Kevin P. Gallagher and Yuan Tian
Regular Triple Crisis contributor Kevin P. Gallagher is an associate professor of international relations at Boston University and co-director of the Global Economic Governance Initiative (GEGI) and Global Development Policy Program. Yuan Tian is the CFLP Pre-Doctoral Fellow for GEGI’s Task Force on Regulating Global Capital Flows. She is currently a third-year PhD student in economics at Boston University.
In the wake of the 2008 financial crisis, the International Monetary Fund (IMF) began to publicly express support for ‘capital controls’ in emerging markets. In addition to public statements, and the endorsement of controls in Iceland, Ukraine, and beyond, the IMF underwent a systematic re-evaluation of Fund policy on the matter, and published an official view on the economics of capital flows in 2012. To the surprise of many who witnessed the IMF’s scorn for regulating capital flows in the 1990s, in this new ‘view’ the IMF concludes that capital account liberalization is not always the optimal policy and that there are situations where capital controls—rebranded as ‘capital flow management measures (CFMs)’—are appropriate.
It is well known that the IMF claims that it has changed its tune, but has it really changed its ways?
To shed light on this question, we built a database on CFMs and related policies for 31 emerging markets, covering emerging Asia, Latin America and Caribbean, Europe and Africa. This database included IMF Article IV Consultation Reports and Public Information Notices since 1998.
After generating the database we econometrically tested whether the IMF’s view on capital controls changed before and after the financial crises. According to our analysis, by and large, the IMF has indeed changed how it diagnoses economies in the presence (or retreat) of large capital flows, and the Fund is also more apt to at least partially support CFMs in the presence of large capital flows. These results are published in a working paper titled “Regulating Capital Flows in Emerging Markets: The IMF and the Global Financial Crisis,” as part of a broader project on the regulation of capital flows.
After controlling for other factors, we find that the IMF was more apt to see capital flows as a source of vulnerability—diagnosing capital flows as a source of vulnerability 23% more after the crisis than before it. The IMF’s level of support also appears to increase as a result of the crisis and as the vulnerabilities associated with capital flows are accentuated. The IMF supported controls in South Korea, Brazil, Iceland and beyond. The IMF also recommended that nations such as Mexico, Colombia, and South Africa deploy controls, though those nations declined.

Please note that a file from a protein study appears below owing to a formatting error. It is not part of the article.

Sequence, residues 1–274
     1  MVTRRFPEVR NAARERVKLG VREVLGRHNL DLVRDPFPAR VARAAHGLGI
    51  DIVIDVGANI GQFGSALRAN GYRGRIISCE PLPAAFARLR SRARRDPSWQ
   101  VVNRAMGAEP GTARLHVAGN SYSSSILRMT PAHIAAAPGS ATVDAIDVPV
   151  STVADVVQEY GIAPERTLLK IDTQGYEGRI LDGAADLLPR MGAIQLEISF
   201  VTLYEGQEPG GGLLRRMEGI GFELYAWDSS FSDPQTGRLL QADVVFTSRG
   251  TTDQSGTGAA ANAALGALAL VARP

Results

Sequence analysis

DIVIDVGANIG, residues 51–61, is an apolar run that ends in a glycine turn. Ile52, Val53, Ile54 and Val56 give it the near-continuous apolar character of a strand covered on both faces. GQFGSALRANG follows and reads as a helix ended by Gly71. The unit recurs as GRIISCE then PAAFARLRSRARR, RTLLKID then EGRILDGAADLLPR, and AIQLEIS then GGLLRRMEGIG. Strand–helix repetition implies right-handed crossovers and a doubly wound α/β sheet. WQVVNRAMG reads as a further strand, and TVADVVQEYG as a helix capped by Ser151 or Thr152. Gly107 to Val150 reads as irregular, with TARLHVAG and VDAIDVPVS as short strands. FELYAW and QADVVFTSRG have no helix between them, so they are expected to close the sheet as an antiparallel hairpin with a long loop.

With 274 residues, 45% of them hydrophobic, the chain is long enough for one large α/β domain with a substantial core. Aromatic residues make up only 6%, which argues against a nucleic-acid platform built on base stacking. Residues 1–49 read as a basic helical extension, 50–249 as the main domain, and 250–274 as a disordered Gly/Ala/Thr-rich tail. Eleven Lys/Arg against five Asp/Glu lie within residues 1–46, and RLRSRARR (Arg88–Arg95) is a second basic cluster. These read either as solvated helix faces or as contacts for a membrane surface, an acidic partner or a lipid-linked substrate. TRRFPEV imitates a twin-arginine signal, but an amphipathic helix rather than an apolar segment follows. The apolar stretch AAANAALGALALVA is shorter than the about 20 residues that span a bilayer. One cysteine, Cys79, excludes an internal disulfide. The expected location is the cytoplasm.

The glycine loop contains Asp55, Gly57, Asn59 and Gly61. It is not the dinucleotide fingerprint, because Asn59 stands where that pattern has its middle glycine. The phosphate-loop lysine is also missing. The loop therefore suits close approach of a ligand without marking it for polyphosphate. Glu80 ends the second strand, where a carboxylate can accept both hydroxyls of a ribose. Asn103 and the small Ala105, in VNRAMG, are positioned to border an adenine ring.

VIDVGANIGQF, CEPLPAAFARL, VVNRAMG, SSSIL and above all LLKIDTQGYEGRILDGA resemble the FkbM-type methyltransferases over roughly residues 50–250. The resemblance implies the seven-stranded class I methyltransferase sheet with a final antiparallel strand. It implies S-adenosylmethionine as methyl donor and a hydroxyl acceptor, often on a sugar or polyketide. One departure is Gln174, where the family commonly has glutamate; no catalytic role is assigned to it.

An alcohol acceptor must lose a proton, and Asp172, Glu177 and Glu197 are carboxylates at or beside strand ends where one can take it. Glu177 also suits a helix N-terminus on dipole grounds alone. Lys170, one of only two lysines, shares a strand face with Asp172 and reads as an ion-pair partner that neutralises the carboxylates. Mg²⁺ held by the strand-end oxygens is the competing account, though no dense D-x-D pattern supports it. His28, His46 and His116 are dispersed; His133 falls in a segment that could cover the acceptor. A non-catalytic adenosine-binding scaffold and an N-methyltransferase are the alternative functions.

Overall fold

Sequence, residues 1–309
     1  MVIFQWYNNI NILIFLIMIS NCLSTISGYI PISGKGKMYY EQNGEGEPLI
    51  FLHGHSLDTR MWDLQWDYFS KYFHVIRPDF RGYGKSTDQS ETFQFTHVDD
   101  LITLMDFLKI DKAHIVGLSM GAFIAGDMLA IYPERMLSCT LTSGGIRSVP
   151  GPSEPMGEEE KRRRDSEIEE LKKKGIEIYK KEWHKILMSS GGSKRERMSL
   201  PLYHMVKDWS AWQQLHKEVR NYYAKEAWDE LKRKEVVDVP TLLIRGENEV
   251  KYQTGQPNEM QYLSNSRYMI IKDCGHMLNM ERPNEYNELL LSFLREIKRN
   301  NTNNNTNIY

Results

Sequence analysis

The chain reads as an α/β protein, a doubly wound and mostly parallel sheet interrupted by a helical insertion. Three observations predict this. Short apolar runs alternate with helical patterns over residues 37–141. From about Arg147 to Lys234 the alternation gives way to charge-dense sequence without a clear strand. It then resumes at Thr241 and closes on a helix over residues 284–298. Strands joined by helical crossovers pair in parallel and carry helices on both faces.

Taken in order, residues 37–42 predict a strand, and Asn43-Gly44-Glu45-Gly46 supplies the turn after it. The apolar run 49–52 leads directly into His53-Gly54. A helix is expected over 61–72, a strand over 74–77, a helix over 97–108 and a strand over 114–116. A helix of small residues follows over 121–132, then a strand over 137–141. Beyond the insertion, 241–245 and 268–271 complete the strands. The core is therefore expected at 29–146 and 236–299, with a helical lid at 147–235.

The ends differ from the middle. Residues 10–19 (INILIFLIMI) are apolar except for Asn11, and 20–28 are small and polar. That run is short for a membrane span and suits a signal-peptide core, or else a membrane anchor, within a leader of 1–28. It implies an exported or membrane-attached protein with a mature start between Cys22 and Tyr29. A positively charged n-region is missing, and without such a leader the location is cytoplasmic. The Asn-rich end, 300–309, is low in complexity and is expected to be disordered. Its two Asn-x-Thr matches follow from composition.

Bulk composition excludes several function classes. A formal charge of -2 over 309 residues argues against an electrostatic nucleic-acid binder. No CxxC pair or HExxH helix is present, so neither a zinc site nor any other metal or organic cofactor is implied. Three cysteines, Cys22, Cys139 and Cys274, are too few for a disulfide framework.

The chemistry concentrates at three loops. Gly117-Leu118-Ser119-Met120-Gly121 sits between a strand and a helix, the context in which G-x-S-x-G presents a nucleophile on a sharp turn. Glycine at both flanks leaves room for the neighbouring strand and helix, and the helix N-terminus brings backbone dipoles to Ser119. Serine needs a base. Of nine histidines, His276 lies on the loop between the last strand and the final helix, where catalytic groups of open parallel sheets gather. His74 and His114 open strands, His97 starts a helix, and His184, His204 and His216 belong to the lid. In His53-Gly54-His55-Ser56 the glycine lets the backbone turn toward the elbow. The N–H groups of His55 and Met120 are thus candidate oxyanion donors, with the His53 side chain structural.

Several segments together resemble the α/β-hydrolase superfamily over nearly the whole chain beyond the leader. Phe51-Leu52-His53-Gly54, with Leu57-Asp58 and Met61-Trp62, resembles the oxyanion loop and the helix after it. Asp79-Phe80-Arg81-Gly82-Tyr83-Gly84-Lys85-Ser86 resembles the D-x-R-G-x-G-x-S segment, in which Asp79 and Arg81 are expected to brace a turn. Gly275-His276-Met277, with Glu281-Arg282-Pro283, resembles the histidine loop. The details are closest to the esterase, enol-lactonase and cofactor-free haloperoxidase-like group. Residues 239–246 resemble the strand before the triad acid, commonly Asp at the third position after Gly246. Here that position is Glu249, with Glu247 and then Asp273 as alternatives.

These findings will come as a surprise, especially to readers of this blog. The theories of Post-Keynesian economists in the Minsky tradition have long seen merit in regulating capital flows for development, but such views had long been shunned in all but a few central banks, at the IMF, and among the mainstream of the economics profession.
As the forthcoming book, Ruling Capital: Emerging Markets and the Reregulation of Cross-border finance demonstrates, the IMF’s change of views was a function of three factors: emerging market countries demanded policy space under the IMF to regulate capital flows after the crisis; the IMF’s attempt to revitalize itself in the wake of the crisis by showing its willingness to change and sponsor new thinking; and new developments in the economics of capital flows that were embraced by leading IMF staff.
Although the IMF recognizes that CFMs can be appropriate in some circumstances, many analysts see those circumstances as too limited and express concern that there is little policy space to adequately regulate capital flows. In a 2012 Task Force report, we and others echoed a long-held view that nations should hold the right to have permanent counter-cyclical capital account regulations and that there are some cases when regulating capital flows should occur in both emerging market and industrialized countries. The IMF has taken a half step in the right direction, but there is still a ways to go.
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